Posted on 2nd May 2019 in the categories: Magnetics, Aerospace Components

Electric Planes Are the Future

Electric Planes

Both environmental and financial benefits would emerge if aircraft’s had the ability to be powered by electric motors rather than jet fuel. Having realised this, industry experts have already started to implement steps in order to achieve electric aircraft’s. For instance, trials have started on aircraft taxiing and airlines such as EasyJet have stated that they will release electric planes within the next decade for all short haul flights.

Electric flight getting closer

If airlines like EasyJet were to successfully implement this, it would result in annual savings of £73,000,000 in jet fuel, alongside a significant reduction in CO2 emissions. Magnets are a vital component in an electric motor, with significant progress having been made in this particular field when it comes to electric planes.

Electric aircraft’s would also reduce noise pollution in addition to other environmental and finical benefits. This shift toward electric power reflects that of the automotive industry, where battery-powered vehicles by brands including Tesla are becoming increasingly popular.

It’s been suggested that once airborne, electric aircraft’s could easily power long haul passenger flights. Solar panels mounted on the wings and fuselage could boost electric power in flight, reducing the battery load. However, the problem remains with getting the aircraft airborne in the first place since this requires a great deal of power.

Improving the batteries

The weight of the battery is the main reason why fully electric long-haul flights are not yet possible. A Boeing 747 can hold more than its own weight in jet fuel, 190,000 kg. If aircraft’s carried the same amount of energy in the form of batteries, the battery would weigh almost 10 million kilograms. Therefore, the aeroplane would not be able to take of. Generating energy isn’t a problem, but storing it is. This is the problem that every aeroplane and battery manufacturer is trying to solve. Improving batteries to the point where they can hold enough energy on a much smaller scale to achieve longer distances.

In the automotive industry, exceptional developments have already been made for electric cars. Tesla alone have already successfully reached a range of 500 – 600 kilometers. However, the battery pack does weigh ±500 kg, while a traditional combustion engine weighs around 150kg. Therefore, weight reduction remains a huge problem.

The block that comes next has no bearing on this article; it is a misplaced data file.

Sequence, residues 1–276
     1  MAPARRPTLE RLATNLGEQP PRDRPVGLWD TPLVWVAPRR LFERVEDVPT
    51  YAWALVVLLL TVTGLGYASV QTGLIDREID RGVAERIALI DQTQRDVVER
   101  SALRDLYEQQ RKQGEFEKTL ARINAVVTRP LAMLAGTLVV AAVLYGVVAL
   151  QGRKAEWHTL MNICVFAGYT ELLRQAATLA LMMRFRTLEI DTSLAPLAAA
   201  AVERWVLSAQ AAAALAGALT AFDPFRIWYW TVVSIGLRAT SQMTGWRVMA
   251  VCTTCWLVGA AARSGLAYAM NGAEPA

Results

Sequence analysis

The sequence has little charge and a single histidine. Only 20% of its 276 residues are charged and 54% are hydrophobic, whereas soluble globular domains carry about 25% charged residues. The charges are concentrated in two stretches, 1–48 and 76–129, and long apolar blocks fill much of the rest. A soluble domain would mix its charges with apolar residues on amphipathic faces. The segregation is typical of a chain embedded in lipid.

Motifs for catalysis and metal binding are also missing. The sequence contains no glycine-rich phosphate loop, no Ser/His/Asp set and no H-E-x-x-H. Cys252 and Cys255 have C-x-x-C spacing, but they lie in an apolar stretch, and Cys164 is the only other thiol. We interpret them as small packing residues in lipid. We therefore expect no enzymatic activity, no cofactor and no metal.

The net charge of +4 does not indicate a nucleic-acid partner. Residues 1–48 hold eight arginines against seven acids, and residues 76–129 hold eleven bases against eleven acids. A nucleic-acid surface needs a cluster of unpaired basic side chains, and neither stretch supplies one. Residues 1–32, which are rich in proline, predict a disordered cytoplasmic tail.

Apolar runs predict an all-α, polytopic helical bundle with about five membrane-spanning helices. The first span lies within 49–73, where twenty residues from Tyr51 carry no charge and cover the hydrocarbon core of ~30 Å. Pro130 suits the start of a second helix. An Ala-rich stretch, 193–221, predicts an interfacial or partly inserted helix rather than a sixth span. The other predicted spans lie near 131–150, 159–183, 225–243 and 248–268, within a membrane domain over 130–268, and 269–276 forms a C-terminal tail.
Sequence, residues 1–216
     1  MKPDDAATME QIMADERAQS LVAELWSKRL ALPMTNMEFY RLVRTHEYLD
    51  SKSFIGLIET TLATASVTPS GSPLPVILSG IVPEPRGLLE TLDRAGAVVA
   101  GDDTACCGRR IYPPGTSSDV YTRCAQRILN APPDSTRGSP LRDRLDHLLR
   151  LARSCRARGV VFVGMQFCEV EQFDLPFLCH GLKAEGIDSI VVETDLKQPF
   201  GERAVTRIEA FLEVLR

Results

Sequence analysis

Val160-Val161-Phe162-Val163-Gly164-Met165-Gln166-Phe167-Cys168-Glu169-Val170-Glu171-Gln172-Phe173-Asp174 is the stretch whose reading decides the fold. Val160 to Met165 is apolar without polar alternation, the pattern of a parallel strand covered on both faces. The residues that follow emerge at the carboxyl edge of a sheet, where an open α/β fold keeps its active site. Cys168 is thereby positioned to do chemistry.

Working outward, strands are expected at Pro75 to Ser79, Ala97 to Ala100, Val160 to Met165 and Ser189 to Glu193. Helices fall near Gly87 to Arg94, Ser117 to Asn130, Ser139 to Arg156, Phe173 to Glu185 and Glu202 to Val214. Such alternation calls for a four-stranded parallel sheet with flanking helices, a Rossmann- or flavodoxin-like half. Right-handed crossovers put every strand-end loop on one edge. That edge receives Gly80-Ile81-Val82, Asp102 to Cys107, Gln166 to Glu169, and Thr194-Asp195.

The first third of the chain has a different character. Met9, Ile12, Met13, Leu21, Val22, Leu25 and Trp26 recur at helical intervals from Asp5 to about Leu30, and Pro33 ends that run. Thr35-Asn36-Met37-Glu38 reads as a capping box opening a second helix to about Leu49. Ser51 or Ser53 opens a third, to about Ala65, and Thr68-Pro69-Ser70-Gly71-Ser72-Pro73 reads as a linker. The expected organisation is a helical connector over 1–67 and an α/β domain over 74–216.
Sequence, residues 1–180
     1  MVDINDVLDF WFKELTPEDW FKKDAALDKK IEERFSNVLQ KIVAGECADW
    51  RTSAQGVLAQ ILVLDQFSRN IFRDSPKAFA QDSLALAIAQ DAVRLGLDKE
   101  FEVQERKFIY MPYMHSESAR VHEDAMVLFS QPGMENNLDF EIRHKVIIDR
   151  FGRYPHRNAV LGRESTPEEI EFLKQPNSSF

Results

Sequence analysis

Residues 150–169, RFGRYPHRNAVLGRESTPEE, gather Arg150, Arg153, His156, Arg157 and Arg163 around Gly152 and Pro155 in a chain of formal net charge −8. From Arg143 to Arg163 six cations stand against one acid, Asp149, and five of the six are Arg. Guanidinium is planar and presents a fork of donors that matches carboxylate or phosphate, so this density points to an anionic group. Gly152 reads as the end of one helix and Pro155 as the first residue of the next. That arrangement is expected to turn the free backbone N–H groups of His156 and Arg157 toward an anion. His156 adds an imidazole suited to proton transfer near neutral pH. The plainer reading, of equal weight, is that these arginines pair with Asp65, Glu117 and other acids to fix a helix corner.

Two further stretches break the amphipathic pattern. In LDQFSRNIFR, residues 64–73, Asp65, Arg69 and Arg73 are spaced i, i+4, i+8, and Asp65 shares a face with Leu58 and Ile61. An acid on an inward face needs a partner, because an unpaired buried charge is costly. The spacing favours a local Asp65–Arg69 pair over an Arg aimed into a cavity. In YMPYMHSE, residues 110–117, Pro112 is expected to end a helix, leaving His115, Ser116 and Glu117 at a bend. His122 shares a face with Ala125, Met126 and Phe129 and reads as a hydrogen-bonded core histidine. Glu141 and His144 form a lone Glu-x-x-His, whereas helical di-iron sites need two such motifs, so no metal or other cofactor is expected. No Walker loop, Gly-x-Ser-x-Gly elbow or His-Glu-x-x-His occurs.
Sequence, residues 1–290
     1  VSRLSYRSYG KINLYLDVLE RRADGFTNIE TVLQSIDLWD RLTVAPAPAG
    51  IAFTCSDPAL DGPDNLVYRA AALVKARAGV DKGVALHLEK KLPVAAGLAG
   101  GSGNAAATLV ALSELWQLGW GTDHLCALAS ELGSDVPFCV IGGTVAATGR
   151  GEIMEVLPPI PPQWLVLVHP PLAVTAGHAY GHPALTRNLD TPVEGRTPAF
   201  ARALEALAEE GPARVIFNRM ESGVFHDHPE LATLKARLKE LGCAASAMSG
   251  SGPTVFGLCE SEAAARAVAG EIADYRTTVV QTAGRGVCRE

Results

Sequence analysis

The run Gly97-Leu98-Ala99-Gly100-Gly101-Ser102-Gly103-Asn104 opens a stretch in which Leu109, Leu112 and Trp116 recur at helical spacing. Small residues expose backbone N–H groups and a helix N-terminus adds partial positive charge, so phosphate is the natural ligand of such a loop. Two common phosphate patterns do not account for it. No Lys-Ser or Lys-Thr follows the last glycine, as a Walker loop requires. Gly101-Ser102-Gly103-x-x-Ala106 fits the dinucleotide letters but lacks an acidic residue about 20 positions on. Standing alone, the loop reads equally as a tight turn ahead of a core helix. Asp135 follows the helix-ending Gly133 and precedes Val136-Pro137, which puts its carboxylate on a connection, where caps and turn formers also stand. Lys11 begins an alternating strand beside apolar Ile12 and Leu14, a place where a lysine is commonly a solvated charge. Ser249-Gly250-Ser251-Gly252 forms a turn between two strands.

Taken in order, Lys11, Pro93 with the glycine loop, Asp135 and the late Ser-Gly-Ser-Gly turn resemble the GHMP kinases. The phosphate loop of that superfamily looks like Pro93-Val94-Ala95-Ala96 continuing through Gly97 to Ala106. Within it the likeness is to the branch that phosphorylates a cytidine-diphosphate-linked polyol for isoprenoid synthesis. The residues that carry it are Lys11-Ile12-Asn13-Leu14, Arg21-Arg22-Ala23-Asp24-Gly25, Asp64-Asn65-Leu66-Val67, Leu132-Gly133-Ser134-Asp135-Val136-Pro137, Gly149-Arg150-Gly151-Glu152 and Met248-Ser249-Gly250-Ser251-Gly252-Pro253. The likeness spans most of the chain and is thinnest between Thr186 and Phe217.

Domestic flights

Although long-haul flights are likely to see much more developments before being introduced into the aerospace industry. Shorter distances, such as domestic flights, are more likely to be possible in the coming years. EasyJet have already announced that electric aircraft’s could be used for flights under two hours or 335 miles, which would cover up to 20% of their routes flown. Including UK and European short-hauls such as London to Paris and Amsterdam, and Edinburgh to Bristol. The airline stated that every short haul flight could be electric within 20 years. Also, Norway have announced that by 2040 all short domestic flights must be electric. This is achievable, since the distances flown will not exceed 1500 km. The batteries you need for such distances are not too big or too heavy, therefore enabling an aeroplane to take off relatively easy.

Permanent magnets

Electric motors contain permanent magnets that rotate around a coil, or a coil that rotates around permanent magnets. These are used to generate energy, which is stored in batteries. These batteries in turn supply electricity to cars, wind turbines, aeroplanes, and ships. Recent advances have enabled batteries to store more than five times as much energy as at the beginning of the battery age. Alongside the battery, an aeroplane contains many other permanent magnets, such as those in actuators. Therefore, developments in the field of magnetics are progressing too.


Along with the aerospace and automotive industries, many other industries are beginning their transition to electric-powered applications. With this, more and more magnets will be needed. Goudsmit UK have the knowledge, experience and expertise to manufacture bespoke magnets and magnetic assemblies to optimise your application.

We can radius magnets, which allows them to be placed closer to the windings, resulting in greater efficiency. We can now also perform FEM calculations, so we can determine how much force a magnet will exert in a specific application. Moreover, we are one of the few magnet suppliers to have earned the AS 9100D certification for the aerospace industry.

Contact us today for more information at Or speak to a member of our team call us on +44 (0) 2890 271 001.

For more information download our products and services brochure here.

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